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Thursday, October 30, 2014

Elizabeth Street

10 WAYS TO TAKE THE 'DIFFICULT' OUT OF DEALING WITH DIFFICULT PEOPLE

Oct 15, 2013

10 Ways to Take the 'Difficult' Out Of Dealing With Difficult People

Our “life journeys” are never as idyllic as the phrase implies. It’s an inevitability that, at multiple stops along the road, we’ll meet people we could take or leave. And unfortunately, we’re not always in a position to leave ‘em. It takes a lot of poise, self-restraint, and social aptitude to properly handle the unreasonable and difficult people in our workplace, social circles, and even homes.

When it comes time to just grin and bear some unpleasant interactions, and do so convincingly and with gusto, some of us could really use a pointer or two. Rather than let the necessity of dealing with these characters derail your day, empower yourself with these ten great strategies from Communication Success expert Preston Ni. Of course, keep in mind these are general pointers, to be customized as you see fit, depending on the situation at hand. Get ready to put those problem personalities in their place, or at least learn to compartmentalize.

1. Keep Your Cool. The oldest rule in the book. When you’re on the verge of an angry tirade, before you say anything you regret, take a deep breath and slowly count to ten. If you haven’t calmed down or figured out a civil way of communicating the issue, take a time out and revisit the problem once you’ve regained your composure. 

2. “Fly Like An Eagle.” In the words of the Steve Miller Band or whomever said “You can’t fly like an eagle if you hang out with turkeys!” keep your interaction with said difficult person to a minimum. When you absolutely have to deal with a hard-to-handle relative, colleague, PTA parent, etc., be diplomatic, then duck out as soon as possible. Sometimes the key to a healthy relationship is healthy distance. And some people just aren’t worth the sunken time and effort.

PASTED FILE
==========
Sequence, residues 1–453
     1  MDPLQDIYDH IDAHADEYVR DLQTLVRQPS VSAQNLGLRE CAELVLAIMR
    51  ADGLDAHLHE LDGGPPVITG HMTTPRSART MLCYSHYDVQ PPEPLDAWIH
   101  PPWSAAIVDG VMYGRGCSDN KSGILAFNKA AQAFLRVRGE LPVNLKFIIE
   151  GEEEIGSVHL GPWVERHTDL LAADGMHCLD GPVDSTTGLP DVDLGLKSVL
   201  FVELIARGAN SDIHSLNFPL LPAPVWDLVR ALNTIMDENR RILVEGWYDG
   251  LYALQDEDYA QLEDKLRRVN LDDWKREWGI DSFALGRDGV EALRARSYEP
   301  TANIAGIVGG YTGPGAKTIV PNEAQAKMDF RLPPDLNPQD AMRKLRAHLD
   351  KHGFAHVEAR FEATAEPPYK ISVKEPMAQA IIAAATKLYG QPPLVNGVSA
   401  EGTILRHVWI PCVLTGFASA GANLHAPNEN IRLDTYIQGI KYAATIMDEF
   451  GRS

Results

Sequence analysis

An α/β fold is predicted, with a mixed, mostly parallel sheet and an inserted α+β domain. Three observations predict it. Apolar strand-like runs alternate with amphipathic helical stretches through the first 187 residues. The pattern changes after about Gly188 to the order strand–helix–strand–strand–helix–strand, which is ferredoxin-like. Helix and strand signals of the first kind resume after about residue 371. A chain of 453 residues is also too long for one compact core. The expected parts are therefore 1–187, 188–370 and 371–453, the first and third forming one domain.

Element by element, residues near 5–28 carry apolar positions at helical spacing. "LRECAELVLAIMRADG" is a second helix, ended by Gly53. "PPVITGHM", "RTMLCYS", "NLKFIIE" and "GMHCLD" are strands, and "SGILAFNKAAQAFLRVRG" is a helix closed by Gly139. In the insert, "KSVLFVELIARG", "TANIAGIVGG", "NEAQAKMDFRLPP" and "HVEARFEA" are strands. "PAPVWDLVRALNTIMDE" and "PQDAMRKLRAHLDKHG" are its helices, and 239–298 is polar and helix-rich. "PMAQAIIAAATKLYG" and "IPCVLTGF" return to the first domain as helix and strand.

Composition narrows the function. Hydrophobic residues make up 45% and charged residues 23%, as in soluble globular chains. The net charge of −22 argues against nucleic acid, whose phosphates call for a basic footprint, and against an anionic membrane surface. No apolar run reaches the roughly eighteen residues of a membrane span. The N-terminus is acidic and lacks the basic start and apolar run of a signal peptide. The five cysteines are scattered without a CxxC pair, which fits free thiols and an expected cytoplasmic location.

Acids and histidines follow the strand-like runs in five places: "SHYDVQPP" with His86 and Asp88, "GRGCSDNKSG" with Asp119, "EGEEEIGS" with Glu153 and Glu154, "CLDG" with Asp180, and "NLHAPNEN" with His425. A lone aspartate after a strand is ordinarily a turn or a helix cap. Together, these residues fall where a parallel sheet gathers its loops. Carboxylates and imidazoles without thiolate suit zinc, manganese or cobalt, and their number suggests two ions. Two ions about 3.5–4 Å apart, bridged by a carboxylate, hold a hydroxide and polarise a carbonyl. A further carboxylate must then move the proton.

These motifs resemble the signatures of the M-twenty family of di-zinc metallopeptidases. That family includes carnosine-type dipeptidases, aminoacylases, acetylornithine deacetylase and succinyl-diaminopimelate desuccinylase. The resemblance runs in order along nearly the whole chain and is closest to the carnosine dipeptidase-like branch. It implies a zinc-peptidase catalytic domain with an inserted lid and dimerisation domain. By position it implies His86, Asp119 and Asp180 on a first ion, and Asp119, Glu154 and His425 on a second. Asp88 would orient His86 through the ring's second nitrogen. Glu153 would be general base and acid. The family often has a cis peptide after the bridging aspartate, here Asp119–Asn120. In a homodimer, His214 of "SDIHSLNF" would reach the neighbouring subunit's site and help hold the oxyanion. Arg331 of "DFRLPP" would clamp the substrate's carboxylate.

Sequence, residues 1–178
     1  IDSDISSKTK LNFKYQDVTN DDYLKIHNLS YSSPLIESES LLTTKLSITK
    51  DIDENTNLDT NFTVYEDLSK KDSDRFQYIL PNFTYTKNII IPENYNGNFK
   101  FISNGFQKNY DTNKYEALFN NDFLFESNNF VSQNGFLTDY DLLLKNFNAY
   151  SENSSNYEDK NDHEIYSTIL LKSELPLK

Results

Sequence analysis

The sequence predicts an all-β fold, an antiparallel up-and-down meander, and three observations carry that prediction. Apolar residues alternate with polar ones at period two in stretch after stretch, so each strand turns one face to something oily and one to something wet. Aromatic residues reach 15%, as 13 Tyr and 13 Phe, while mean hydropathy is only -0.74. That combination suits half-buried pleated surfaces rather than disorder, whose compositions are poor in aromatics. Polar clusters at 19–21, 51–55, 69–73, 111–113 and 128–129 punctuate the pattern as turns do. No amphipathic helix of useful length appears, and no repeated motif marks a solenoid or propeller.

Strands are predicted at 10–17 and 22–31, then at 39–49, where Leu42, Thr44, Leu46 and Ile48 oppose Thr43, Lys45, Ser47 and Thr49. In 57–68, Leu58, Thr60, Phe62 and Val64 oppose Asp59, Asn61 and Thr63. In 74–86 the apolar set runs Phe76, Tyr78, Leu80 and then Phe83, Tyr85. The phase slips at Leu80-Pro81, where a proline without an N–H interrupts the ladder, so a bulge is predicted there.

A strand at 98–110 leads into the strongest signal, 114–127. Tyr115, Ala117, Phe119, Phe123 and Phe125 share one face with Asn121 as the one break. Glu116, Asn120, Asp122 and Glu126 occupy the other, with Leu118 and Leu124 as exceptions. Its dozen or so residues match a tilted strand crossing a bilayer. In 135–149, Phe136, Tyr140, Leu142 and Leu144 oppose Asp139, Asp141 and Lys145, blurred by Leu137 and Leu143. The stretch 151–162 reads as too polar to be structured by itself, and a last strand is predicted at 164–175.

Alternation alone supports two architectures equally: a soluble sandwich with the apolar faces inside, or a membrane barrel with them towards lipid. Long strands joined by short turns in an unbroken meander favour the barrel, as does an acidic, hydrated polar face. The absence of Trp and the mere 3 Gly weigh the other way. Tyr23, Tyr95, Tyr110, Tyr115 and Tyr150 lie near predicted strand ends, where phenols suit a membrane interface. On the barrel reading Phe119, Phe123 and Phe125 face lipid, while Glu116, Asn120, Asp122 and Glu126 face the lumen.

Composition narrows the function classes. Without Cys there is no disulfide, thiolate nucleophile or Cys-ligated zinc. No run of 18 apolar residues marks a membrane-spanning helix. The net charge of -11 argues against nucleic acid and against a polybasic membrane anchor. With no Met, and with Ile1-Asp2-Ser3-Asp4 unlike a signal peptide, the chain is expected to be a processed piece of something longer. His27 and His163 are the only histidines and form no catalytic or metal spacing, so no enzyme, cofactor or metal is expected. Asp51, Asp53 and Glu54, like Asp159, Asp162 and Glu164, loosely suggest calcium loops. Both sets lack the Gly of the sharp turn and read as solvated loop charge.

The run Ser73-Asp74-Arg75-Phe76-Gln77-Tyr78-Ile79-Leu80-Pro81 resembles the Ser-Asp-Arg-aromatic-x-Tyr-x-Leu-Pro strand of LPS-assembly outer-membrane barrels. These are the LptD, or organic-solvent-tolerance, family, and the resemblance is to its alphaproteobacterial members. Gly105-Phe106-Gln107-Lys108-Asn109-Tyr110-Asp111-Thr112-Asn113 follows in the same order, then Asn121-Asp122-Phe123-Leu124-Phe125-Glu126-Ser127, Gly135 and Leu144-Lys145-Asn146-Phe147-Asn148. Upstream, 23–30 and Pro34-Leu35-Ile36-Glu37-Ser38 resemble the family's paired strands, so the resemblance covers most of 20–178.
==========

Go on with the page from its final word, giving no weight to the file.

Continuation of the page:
3. Go From Reactive to Proactive. Don’t jump to conclusions when it comes to judging other people’s words or deeds. Avoid personalizing others' behaviors and immediately taking offense. For the most part, people act a certain way because of their own motivations, not simply to disoblige others. To avoid misinterpreting a situation and giving it greater weight than it deserves, try to widen your perspective and keep an open mind. Of course, you shouldn’t excuse unacceptable behavior simply because you can empathize with another person’s situation. However, viewing situations objectively does allow us to find better ways of addressing them.

4. Remember, Person ≠ Issue. “In every communication situation, there are two elements present: The relationship you have with this person, and the issue you are discussing. An effective communicator knows how to separate the person from the issue, and be soft on the person and firm on the issue,” says Ni. Being able to make this distinction and act accordingly will win you more rapport, cooperation, and respect from the person you're dealing with and those in the periphery.

5. Shift the Spotlight. According to Ni, “A common pattern with difficult people (especially the aggressive types) is that they like to place attention on you to make you feel uncomfortable or inadequate. Typically, they’re quick to point out there’s something not right with you or the way you do things. The focus is consistently on ‘what’s wrong,’ instead of ‘how to solve the problem.’” This is a controlling tactic more than a problem-solving one. They’re trying to put you on the defensive, and if you fall into that trap, you put yourself in a more vulnerable position, open to scrutiny, allowing your aggressor to continue bullying you freely. Change this dynamic by putting the spotlight back on the difficult questions by asking constructive, probing questions that force your oppressor to self-reflect.

6. Laugh It Off (Appropriately). Ni recalls: “Years ago I knew a co-worker who was quite stuck up. One day a colleague of mine said ‘Hello, how are you?’ to him. When the egotistical co-worker ignored her greeting completely, my colleague didn’t feel offended. Instead, she smiled good-naturedly and quipped: ‘That good, huh?’ This broke the ice and the two of them started a friendly conversation. Brilliant.” Humor is a great communicator. It allows you to demonstrate your detachment and disarm unreasonable behavior.

For four more lessons in handling difficult individuals, head over to Ni’s article on Psychology Today. For even deeper studies into the psyche of pains-in-the-butts and how to keep them in check, download free excerpts of Ni’s other publications, “How to Communicate Effectively and Handle Difficult People” and “Communication Success with Four Personality Types.”

By Cordelia Tai 

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